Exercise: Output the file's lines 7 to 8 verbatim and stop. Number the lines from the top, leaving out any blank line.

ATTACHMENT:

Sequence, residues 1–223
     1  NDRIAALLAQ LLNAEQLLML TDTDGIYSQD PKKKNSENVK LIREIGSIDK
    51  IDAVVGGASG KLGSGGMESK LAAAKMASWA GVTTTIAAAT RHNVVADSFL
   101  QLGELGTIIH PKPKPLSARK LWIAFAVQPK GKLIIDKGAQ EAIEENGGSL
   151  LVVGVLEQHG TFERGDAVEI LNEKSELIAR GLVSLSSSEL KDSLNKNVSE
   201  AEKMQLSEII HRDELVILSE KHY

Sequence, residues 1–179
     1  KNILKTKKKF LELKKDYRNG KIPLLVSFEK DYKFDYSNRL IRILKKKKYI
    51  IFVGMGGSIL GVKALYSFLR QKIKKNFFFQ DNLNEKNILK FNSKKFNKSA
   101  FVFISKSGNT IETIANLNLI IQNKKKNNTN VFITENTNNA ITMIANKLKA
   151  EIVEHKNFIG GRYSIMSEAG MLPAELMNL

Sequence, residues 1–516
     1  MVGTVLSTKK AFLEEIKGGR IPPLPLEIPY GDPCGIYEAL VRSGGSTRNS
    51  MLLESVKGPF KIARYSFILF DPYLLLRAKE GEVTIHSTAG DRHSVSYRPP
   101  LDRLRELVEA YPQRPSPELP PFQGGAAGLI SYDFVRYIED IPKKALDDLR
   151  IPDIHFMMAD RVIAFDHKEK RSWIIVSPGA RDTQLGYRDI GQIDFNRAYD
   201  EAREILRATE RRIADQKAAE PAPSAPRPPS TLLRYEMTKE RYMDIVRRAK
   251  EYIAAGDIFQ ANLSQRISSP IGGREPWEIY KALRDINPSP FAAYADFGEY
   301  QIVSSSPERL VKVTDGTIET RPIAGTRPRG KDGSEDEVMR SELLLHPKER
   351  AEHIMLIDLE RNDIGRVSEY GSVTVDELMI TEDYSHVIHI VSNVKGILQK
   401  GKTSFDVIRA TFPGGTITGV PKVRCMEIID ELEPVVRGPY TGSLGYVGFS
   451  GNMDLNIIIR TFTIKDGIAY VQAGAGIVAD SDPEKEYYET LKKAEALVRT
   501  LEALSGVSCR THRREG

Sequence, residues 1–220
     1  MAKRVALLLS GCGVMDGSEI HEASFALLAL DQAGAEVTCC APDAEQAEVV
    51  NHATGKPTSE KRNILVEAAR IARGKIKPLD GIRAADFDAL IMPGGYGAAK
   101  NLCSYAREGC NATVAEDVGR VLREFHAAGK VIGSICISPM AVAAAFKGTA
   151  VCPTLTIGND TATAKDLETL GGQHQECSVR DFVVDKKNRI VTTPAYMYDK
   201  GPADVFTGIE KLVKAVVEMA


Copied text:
Sequence, residues 1–179
     1  KNILKTKKKF LELKKDYRNG KIPLLVSFEK DYKFDYSNRL IRILKKKKYI